Somehow, for the average Part D prescription plan consumer, they will have paid 25 percent of the drug costs in the initial coverage phase – the combination of copayments and coinsurance – when they reach their initial coverage limit. This is the actuarial equivalent prospect. Some consumers may pay less than 25% of the drug costs, some may pay more. After the consumer meets initial coverage limit, and the consumer moves into the coverage gap (previously known as the donut hole), the math gets tricky.
When the consumer moves into the coverage gap, similar to the initial coverage phase, they only pay 25 percent for prescription drugs. While this sounds exactly like the initial coverage phase, the set copayments and coinsurance of the drug tiers evaporates. The consumer should be paying a straight 25 percent of the generic and 25 percent of the undiscounted brand name drugs that are included on the plan’s drug formulary.
All of the out-of-pocket drug cost the consumer pays goes toward pushing them through the coverage gap and potentially into the catastrophic phase. These costs would include any deductible, copayments and coinsurance of the initial coverage phase, and the 25 percent coinsurance in the coverage gap. However, in the coverage gap, the consumer’s accumulated dollar amount is credited with the drug manufacturers 70 percent discount on brand name drugs.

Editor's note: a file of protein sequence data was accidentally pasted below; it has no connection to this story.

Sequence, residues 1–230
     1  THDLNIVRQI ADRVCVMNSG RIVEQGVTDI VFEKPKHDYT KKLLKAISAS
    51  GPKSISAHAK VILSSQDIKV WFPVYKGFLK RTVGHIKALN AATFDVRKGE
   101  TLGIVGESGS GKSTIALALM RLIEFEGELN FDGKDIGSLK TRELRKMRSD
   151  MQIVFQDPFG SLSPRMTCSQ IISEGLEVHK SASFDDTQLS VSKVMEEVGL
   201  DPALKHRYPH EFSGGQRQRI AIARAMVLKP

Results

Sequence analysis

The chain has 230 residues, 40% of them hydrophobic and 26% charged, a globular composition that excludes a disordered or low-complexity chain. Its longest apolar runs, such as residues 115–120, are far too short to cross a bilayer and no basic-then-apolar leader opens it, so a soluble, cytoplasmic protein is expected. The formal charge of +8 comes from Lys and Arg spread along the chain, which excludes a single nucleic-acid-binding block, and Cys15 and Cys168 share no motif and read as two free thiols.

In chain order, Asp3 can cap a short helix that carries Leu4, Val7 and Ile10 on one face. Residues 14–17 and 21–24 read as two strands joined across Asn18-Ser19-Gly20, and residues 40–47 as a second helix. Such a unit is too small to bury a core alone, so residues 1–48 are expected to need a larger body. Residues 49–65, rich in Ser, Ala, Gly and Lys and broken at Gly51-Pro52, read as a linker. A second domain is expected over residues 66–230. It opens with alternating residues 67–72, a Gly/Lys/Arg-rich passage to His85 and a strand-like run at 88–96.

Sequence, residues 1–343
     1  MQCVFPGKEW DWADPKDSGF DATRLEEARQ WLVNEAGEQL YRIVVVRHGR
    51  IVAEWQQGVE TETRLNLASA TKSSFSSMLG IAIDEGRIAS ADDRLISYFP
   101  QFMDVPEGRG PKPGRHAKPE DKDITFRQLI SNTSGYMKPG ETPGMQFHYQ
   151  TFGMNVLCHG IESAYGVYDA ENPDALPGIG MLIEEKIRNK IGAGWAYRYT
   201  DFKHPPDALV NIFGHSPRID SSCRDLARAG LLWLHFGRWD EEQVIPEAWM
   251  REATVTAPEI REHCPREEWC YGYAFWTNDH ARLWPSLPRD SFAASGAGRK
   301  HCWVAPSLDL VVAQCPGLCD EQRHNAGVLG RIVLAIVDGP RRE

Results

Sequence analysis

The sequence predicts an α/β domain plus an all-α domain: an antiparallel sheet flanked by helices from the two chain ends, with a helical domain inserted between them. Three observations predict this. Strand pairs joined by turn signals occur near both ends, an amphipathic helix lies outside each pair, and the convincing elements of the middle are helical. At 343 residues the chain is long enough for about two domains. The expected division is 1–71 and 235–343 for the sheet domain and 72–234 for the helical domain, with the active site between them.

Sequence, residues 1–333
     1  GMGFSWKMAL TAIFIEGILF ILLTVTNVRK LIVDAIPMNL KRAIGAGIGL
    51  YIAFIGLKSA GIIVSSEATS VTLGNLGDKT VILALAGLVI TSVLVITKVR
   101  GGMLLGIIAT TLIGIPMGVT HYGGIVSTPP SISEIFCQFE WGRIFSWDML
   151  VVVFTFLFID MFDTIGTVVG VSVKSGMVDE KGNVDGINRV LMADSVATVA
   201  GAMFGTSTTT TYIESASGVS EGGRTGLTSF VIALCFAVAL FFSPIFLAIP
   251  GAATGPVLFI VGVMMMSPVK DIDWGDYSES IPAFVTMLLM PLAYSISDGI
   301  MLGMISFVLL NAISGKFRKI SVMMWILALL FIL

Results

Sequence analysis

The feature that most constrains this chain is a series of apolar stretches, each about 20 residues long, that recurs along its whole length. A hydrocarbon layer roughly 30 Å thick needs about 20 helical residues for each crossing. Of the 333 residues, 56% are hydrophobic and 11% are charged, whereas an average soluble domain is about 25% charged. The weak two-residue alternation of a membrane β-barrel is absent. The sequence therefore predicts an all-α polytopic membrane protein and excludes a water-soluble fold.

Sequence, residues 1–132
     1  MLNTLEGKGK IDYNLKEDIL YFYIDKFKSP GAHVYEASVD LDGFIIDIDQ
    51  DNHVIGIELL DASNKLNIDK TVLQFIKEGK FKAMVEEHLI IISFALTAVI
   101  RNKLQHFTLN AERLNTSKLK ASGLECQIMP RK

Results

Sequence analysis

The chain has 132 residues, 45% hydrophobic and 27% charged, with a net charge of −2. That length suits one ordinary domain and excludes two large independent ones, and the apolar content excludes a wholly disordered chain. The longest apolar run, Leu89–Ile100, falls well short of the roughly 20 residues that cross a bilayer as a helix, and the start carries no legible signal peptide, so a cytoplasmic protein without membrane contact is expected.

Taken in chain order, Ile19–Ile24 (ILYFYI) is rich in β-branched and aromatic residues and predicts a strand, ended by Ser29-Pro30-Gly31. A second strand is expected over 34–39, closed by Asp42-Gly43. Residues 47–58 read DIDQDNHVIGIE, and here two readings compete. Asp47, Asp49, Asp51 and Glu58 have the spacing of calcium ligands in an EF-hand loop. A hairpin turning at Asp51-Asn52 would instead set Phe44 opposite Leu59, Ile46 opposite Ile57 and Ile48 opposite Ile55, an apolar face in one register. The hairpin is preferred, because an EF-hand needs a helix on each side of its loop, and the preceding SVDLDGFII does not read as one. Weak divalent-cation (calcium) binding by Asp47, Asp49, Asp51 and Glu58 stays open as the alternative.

Let’s assume a drug has cost of $100. The consumer is in the coverage gap phase of the Part D plan. The consumer will pay $25, the plan pays $5, and a $70 drug discount from the manufacturer make up the difference. In this scenario, the consumer would have accumulated $95 toward meeting the dollar amount for the catastrophic phase.
This odd accounting method of attributing a drug discount to the consumer’s spending column is called the True-Out-of-Pocket amount or TrOOP. But it is anything but the true actual out-of-pocket cost for the consumer. It is just another insurance accounting gimmick, somewhat in the consumer’s favor, to tally up the costs.
Medicare.gov is a very good source for Part D drug cost information. In this example of a consumer on the Humira for rheumatoid arthritis, the drug cost tool shows the retail price, the 25 percent coinsurance in the coverage gap, and the 5 percent coinsurance cost in the catastrophic phase. Medicare.gov will show you when your drug costs trigger the initial coverage period, coverage gap, and finally the catastrophic for the drugs entered into the system. Note, in the example, Avapro is not on the drug formulary and the plan member receives no discounts and the drug costs do not accumulate toward meeting the different phases.
Once a consumer spends enough money, including the 70% drug discount in the coverage gap, to meet the catastrophic phase, all the drug cost plummet. For 2021 the catastrophic phase will begin when the TrOOP dollar amount equals $6,550. In the catastrophic phase the consumer pays a set copayment for generic drugs and a higher copayment for brand name drugs, OR, coinsurance of 5 percent, whichever is greater.
Unfortunately, because of the goofy 70% drug discount, a consumer doesn’t really know when they will meet the catastrophic level. A consumer who receives a 70 percent drug discount of $300 will meet the catastrophic phase sooner than their neighbor who may only be receiving a $100 discount. The Medicare.gov drug cost tool greatly aids in determining when a consumer will enter the different phases with the different drug plans. Unfortunately, all these different numbers can be really confusing for Medicare beneficiaries just trying to make an educated guess on what plan is best for their current drug prescriptions.